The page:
Europeans agree to steps against Libya


LUXEMBOURG, April 21, 1986 (UPI) -- European Community foreign ministers, under U.S. pressure to take steps against Libya in response to terrorism, agreed Monday to reduce drastically the number of Libyan diplomats in Western Europe and restrict their movements.

The 12 foreign ministers also agreed to cut their embassy staffs in Tripoli, toughen visa and residence permit requirements for all Libyan nationals and close their borders to Libyan citizens who have been expelled from another nation for involvement in terrorism.


Dutch Foreign Minister Hans van den Broek, who presided over Monday's meeting, said the decision to take sanctions against Libya ''reflects our grave concern about state terrorism and our serious intention to fight it, not only in the diplomatic field, but also with concrete measures.'' It was the European Community's third meeting in eight days on the subject of terrorism.

The measures approved Monday bolstered a package of diplomatic sanctions approved hours before the April 15 U.S. airstrike on Libya, triggered by the bombing of a West Berlin nightclub that killed a U.S. soldier and a Turkish woman.


The Reagan administration welcomed the European agreement, which came as West German police announced they had arrested a Palestinian in the nightclub bombing and Italian police said they had arrested a former Libyan diplomat and another Libyan citizen on charges of plotting to assassinate U.S. Ambassador Maxwell Rabb and the Egyptian and Saudi ambassadors.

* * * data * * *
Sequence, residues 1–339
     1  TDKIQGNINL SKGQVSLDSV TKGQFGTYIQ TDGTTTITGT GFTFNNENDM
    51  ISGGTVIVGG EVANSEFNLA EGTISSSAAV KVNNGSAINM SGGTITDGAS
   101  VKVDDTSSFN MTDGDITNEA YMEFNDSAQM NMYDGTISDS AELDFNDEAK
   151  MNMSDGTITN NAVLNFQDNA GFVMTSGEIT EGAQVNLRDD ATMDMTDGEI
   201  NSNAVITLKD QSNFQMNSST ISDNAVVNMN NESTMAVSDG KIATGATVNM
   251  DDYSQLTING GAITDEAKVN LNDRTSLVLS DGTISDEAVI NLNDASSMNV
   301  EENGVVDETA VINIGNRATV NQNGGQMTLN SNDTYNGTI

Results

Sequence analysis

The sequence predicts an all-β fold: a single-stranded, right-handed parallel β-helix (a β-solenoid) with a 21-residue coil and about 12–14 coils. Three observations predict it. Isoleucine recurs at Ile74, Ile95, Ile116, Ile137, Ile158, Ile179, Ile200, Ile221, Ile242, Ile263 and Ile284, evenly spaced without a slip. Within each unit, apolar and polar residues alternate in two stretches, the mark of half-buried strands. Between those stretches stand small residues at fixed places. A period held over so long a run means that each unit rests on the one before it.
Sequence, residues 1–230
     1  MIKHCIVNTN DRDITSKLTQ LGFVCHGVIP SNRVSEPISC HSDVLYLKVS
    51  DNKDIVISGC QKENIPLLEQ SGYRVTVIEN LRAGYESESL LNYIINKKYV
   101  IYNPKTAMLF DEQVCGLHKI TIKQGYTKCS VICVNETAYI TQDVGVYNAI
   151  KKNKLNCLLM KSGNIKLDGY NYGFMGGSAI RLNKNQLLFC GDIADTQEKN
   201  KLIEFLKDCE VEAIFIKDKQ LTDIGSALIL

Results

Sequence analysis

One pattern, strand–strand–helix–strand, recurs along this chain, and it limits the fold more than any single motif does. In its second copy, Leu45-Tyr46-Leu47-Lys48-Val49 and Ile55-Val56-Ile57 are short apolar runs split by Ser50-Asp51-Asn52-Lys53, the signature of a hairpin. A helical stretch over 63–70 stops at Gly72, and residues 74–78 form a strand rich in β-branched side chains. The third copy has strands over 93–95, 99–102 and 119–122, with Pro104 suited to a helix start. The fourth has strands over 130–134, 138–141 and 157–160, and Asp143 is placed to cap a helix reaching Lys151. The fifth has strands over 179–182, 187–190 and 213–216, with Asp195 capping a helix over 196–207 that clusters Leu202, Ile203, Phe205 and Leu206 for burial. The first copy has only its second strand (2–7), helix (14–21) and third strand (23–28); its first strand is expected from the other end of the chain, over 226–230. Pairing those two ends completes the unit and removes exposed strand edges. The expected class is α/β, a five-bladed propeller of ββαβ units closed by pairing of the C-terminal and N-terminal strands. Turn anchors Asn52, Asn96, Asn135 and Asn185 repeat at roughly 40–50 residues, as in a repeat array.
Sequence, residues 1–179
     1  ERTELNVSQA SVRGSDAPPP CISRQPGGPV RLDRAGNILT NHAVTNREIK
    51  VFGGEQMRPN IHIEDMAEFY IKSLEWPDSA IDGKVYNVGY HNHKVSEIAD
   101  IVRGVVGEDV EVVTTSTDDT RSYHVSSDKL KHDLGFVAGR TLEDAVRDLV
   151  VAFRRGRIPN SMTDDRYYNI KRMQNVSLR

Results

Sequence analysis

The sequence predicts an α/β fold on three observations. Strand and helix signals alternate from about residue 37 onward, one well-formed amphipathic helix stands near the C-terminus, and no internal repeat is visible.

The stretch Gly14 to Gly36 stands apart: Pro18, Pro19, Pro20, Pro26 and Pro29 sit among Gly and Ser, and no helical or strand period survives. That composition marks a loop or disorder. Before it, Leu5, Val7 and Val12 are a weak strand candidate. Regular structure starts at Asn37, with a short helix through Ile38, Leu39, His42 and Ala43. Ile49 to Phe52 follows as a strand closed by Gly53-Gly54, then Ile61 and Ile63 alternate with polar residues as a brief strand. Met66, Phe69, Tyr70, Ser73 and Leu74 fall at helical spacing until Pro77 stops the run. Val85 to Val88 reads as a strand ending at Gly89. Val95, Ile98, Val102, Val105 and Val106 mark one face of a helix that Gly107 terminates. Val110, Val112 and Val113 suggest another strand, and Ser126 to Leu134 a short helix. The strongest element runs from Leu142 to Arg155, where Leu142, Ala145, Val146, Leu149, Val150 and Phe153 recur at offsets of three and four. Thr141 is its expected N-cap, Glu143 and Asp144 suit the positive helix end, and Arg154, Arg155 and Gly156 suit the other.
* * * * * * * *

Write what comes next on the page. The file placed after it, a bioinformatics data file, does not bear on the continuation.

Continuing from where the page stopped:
''They send a clear message to (Col. Moammar) Khadafy that the Europeans, like the United States, will not tolerate this scourge,'' said State Department spokesman Bernard Kalb.

In Luxembourg, the Dutch foreign minister said the European Community was seeking talks with Arab countries on cooperating in the fight against terrorism and that similar contacts would be made with members of the Warsaw Pact, including the Soviet Union, and non-aligned countries.

''Europe is endeavoring to build, together with other countries, a dam against terrorism and stress Europe this way wants to forestall military intervention,'' he said.

The United States said it had proof of Libyan involvement in the Berlin bombing and has been pressuring Western allies to take steps to isolate Libya.

At the meeting Monday, van den Broek said the European ministers agreed to:

--Reduce the number of Libyan diplomats and consular staff to a minimum and cut the European representations in Libya.


--Make movements of diplomats and consular staff outside the cities where they are established subject to a regime of official authorization.

--Toughen the granting of visas and residence permits to Libyan nationals.

--Examine how each community country can reduce the staff of non-diplomatic libyan bodies, including trade, tourism and airline offices and students.

--Close borders to Libyan citizens expelled elsewhere for involvement in terrorist activities.

--Investigate the abuse of diplomatic privileges and immunity so as to establish stricter controls.

''It is evident that the package is also a signal to other countries involved or possibly planning involvement in terrorist activities,'' said van den Broek, who added practical details of enforcement would be worked out.

''Each European country has a different relationship with Libya and it is not possible to regulate them all in one go, but our decisions were unanimous,'' he said.

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